Monday Musings #3

Five years have passed and my views on this haven't changed. 

A repost from  Friday, June 11, 2010
Food for Thought
I'm currently reading "In Defence of Food" by Michael Pollan.
This is the page I'm up to:-

"With the rise of industrial agriculture, vast monocultures of a tiny group of plants, most of them cereal grains, have replaced the diversified farms that used to feed us.

A century ago, the typical Iowa farm raised more than a dozen different plant and animal species: cattle, chickens, corn, hogs, apples, hay, oats, potatoes, cherries, wheat, plums, grapes and pears. Now it raises only two: corn and soybeans.

This simplification of the agricultural landscape leads directly to simplification of the diet, which is now to a remarkable extent dominated by--big surprise-- corn and soybeans.

You may not think you eat a lot of corn and soybeans, but you do: 75% of the vegetable oils in your diet come from soy (representing 20% of your daily calories) and more than half of the sweeteners you consume come from corn (representing around 10% of daily calories)."
"Why corn and soy? Because these two plants are among nature's most efficient transformers of sunlight and chemical fertiliser into carbohydrate energy (in the case of corn) and fat and protein (in the case of soy)- if you want to extract the maximum amount of macronutrients from the American farm belt, corn and soy are the crops to plant. (It helps that the government pays farmers to grow corn and soy, subsidising every bushel they produce).

Most of the corn and soy crop winds up in the feed of our food animals (simplifying their diets in unhealthy ways, as we'll see), but much of the rest goes into processed foods.
The business model of the food industry is organised around "adding value" to cheap raw materials; its genius has been to figure out how to break these two big seeds down into their chemical building blocks and then reassemble them in myriad packaged food products.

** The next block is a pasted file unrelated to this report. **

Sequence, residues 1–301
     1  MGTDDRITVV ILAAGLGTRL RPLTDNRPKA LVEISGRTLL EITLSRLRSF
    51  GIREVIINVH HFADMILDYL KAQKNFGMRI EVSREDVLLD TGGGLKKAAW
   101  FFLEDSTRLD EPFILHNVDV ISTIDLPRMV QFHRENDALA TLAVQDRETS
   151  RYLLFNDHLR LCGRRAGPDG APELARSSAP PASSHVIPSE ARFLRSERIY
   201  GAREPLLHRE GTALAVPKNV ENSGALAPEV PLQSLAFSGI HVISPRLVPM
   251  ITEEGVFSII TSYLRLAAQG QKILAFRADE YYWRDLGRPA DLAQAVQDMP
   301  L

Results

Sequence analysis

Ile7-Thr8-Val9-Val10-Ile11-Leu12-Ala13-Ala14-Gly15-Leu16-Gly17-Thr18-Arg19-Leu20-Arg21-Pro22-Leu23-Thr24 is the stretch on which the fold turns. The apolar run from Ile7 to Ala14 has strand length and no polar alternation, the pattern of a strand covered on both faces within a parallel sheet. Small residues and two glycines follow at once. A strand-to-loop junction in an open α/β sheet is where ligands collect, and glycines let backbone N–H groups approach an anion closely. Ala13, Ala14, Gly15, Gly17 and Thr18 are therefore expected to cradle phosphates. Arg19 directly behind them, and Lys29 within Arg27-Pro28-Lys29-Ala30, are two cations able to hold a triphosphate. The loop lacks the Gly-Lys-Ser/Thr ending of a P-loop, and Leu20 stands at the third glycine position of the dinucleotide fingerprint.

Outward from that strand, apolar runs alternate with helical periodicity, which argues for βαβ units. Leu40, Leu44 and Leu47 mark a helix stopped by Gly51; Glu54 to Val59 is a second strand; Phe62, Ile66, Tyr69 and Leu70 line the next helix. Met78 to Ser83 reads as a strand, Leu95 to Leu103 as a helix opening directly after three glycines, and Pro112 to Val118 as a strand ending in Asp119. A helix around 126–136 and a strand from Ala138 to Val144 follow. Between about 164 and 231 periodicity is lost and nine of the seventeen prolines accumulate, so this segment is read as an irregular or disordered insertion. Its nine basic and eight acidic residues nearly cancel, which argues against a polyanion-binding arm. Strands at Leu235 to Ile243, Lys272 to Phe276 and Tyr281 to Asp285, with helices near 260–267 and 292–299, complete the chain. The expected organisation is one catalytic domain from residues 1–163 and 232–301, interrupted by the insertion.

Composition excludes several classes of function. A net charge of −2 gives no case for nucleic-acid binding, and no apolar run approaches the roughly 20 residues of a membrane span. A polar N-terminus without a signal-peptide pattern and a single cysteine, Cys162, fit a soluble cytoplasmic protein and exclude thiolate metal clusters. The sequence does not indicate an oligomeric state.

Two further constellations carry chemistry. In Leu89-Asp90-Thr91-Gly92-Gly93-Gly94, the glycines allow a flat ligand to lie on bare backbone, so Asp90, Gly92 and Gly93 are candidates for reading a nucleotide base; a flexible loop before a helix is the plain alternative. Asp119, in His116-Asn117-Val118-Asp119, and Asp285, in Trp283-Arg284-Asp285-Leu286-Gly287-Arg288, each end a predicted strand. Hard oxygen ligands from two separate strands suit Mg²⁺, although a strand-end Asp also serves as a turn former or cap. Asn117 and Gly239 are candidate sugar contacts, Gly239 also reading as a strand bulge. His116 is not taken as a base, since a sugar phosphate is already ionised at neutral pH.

With the result that today corn contributes 554 calories a day to America's per capita food supply and soy another 257. Add wheat (768 calories), and rice (91) and you can see there isn't a whole lot of room left in the American stomach for any other foods. "

I've been concerned for some time about the number of additives and preservatives in the foods available to us, and I've been reading labels much more carefully and more often than not, choosing to make my own soup or baked goods over the pre-packaged kind

This book is a bit of an eye-opener, the extent of the government input into what should be left to the farmers for the sake of diversity and natural foods is a little upsetting. This book is aimed at exposing the faults in the American diet today, but we all know that governments everywhere value dollars over health.

I can see how this came about; more food was needed more quickly to feed more people who were living longer, but the problems with processed foods have been apparent for years, (according to this book, since the 1950s). I think it's high time governments realised that the health of their peoples is more important than the huge profits they gain, and started reversing this problem. 

It's no coincidence (in my opinion) that we are now seeing so many more cases of allergies and intolerances, adding vitamins and nutrients back into processed foods is not the same as eating whole, unprocessed (or little processed) naturally grown foods. Unfortunately for a lot of us, the processed option is the cheaper option, whole foods are time consuming to cook, organic produce is too expensive for many on low incomes.


  1. I saw a tee shirt yesterday: "I am a second hand vegetarian", underlined by cartoonized pictures of animals--cow, chicken, pig. Another modern problem, the inefficient processing of grain on its way to human nourishment.

  2. Sigh. No arguments from here.
    I check labels too. Increasingly I reject processed food. I want food, not numbers and letters.